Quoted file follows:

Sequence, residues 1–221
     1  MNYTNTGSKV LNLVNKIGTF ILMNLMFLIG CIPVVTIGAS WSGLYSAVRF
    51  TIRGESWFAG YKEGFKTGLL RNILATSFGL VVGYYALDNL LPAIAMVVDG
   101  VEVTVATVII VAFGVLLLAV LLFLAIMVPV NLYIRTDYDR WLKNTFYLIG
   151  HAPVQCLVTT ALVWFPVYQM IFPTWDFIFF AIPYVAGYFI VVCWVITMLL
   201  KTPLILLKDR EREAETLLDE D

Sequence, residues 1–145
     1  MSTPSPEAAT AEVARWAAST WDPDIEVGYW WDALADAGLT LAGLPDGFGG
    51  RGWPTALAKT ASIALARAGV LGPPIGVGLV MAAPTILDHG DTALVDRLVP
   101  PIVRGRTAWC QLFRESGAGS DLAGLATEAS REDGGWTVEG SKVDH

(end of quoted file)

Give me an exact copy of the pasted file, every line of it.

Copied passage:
Sequence, residues 1–221
     1  MNYTNTGSKV LNLVNKIGTF ILMNLMFLIG CIPVVTIGAS WSGLYSAVRF
    51  TIRGESWFAG YKEGFKTGLL RNILATSFGL VVGYYALDNL LPAIAMVVDG
   101  VEVTVATVII VAFGVLLLAV LLFLAIMVPV NLYIRTDYDR WLKNTFYLIG
   151  HAPVQCLVTT ALVWFPVYQM IFPTWDFIFF AIPYVAGYFI VVCWVITMLL
   201  KTPLILLKDR EREAETLLDE D

Sequence, residues 1–145
     1  MSTPSPEAAT AEVARWAAST WDPDIEVGYW WDALADAGLT LAGLPDGFGG
    51  RGWPTALAKT ASIALARAGV LGPPIGVGLV MAAPTILDHG DTALVDRLVP
   101  PIVRGRTAWC QLFRESGAGS DLAGLATEAS REDGGWTVEG SKVDH